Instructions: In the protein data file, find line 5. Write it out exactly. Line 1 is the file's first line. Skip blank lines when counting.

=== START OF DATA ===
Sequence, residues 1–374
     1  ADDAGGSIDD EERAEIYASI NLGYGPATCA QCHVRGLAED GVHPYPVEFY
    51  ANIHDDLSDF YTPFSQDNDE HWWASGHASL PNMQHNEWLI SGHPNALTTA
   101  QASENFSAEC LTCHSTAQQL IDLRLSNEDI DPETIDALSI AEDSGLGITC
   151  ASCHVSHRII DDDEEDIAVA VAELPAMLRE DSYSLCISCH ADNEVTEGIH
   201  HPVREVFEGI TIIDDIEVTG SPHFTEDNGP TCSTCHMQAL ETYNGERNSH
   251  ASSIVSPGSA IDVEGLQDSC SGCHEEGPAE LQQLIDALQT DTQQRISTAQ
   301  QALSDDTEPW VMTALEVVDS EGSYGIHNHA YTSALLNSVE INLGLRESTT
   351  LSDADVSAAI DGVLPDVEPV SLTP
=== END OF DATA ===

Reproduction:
   151  ASCHVSHRII DDDEEDIAVA VAELPAMLRE DSYSLCISCH ADNEVTEGIH